Teachers make a difference every day – but saving a life on Teacher Appreciation Day is making a mark in a whole new way.
On Teacher Appreciation Day May 9, Pembroke speech teacher Pam Petrushesky ate a quick dinner, but stopped herself from going back to class to log information for school services as planned. Instead, she stayed in the lounge to keep the elementary principal Lisa Blake company when she saw that Blake would be eating alone. That night, most of the faculty and staff had volunteered their time to be at the school for a family festival.
Within minutes of starting to eat her roast beef sandwich, Blake stood up hastily and started making a panicky, squeaking sound from her obstructed airway.
“Her hands went right to her throat,” said Petrushesky, a member of the Pembroke Teachers Association
Using training that had been taught to her by colleague Kim Altman, Petrushesky started the Heimlich maneuver. She found the spot above the belly button and below the ribs and began applying pressure in the area of the diaphragm.
“Three thrusts later the roast beef sandwich came up,” Petrushesky said.
She said another teacher who had come into the lounge during Blake’s dinner kept talking to them to keep them calm. Someone ran to find Altman. A secretary called 911.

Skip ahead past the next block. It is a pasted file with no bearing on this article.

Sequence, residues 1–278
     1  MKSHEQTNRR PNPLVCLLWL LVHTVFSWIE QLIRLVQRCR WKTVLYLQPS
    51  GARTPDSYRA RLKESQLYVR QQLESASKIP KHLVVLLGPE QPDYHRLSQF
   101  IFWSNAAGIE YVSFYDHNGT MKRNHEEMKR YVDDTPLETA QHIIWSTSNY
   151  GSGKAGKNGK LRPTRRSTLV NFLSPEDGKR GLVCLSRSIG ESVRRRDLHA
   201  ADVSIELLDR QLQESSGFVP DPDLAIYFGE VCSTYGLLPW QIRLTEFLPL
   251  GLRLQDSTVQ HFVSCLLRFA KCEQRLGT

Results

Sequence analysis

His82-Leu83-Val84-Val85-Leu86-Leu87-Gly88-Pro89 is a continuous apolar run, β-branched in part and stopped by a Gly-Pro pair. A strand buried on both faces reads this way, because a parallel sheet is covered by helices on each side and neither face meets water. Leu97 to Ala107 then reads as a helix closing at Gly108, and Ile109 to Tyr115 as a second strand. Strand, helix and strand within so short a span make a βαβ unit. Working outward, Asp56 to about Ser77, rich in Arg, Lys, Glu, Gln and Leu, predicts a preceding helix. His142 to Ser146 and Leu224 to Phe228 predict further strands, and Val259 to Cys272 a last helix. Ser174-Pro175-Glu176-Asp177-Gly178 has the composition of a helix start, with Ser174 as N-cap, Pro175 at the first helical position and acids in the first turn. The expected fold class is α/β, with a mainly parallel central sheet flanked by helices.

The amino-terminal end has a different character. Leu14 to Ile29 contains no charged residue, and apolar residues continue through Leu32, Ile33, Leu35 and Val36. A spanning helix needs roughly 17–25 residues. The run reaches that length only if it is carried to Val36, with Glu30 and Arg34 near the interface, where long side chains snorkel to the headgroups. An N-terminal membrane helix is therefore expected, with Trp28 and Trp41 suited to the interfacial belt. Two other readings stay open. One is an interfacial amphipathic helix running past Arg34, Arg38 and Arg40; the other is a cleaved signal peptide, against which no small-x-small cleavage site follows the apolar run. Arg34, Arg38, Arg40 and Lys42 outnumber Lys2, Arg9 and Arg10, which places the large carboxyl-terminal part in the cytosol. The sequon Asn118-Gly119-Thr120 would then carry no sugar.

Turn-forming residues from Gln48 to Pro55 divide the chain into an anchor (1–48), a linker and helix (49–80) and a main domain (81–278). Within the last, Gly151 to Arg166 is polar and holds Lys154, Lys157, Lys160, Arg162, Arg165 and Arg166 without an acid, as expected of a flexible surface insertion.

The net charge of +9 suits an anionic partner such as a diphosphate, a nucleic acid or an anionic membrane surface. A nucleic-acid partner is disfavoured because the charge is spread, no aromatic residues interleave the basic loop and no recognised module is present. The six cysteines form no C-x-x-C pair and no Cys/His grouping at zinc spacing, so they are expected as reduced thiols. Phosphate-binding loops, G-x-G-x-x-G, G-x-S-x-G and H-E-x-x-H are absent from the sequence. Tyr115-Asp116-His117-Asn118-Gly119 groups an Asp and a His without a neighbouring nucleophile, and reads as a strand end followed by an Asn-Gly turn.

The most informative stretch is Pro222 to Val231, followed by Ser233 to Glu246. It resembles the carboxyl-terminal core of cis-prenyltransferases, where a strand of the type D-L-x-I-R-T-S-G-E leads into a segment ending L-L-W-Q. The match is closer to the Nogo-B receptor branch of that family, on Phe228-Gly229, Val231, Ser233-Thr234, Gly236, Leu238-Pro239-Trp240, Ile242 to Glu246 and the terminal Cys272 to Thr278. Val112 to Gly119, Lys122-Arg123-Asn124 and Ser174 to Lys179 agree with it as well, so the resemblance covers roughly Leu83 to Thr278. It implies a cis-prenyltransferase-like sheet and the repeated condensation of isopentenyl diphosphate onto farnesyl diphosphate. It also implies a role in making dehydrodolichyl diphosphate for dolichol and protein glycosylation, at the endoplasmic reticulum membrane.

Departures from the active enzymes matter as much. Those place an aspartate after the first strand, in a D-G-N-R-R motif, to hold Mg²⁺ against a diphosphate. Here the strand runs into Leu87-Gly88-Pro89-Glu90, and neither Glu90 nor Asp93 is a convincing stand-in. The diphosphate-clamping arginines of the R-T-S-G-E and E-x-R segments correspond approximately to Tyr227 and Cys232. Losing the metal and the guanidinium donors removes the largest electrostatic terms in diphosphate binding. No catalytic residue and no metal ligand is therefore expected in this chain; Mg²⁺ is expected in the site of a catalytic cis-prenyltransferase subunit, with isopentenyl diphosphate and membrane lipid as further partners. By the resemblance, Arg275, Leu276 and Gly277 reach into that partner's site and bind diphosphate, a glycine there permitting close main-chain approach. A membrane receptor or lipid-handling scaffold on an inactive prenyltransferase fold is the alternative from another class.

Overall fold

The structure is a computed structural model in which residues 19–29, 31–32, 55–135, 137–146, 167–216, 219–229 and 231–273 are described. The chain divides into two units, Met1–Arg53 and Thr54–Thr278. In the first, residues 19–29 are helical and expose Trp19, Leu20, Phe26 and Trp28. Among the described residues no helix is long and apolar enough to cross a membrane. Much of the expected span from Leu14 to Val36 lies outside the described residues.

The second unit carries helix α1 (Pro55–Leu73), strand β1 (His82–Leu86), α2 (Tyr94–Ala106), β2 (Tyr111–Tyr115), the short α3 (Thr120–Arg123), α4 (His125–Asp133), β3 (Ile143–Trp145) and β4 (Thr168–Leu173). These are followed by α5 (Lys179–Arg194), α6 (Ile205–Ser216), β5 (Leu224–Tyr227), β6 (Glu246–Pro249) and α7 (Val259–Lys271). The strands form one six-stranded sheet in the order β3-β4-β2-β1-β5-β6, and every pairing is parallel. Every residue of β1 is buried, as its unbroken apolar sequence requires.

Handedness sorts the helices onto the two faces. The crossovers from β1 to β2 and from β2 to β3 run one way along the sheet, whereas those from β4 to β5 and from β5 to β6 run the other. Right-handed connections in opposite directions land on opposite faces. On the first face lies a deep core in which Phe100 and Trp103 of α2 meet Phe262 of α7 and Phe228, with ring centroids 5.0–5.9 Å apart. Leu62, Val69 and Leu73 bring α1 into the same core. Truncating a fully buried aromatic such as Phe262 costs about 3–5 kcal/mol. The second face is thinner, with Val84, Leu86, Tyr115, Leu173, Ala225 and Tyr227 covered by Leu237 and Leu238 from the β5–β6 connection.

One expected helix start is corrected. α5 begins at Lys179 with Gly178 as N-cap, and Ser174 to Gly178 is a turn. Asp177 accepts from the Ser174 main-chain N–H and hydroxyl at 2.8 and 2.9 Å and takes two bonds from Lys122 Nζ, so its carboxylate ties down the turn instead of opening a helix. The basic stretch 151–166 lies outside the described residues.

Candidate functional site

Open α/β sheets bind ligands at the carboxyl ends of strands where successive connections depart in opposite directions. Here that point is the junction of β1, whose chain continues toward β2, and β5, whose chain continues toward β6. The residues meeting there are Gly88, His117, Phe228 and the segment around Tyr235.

Blake was able to breathe and talk, but still had a piece of food wedged in her throat. Altman arrived and applied several more thrusts, clearing the throat completely. Firefighters came on the scene as well.
“I think I shook for three days,” said Petrushesky, a life-saving hero. Her work is usually more subdued: She is a speech pathologist who works with students who have speech and language deficits.
She credits her knowledge in the life and death situation to the training from Altman, a reading teacher and a volunteer EMT.
“She holds trainings all the time. She’s an unbelievable gift to us. The only reason I knew what to do was because of Kim. She has run so many drills,”
Still marveling at how the situation turned out on Teacher Appreciation Day, Pembroke Teachers Association President Greg Kinal asked, “What’s the irony in that?”
Kinal said both teachers are an asset to the bargaining unit. “Both ladies are top notch in their field and top notch as human beings.”
“We all pull together and have a very strong union and a great relationship with the administration and the board,” said Petrushesky. “Our union is very involved in the community.”
Chances are high that next time she shows up to volunteer at an event, many people will recognize her as a hero.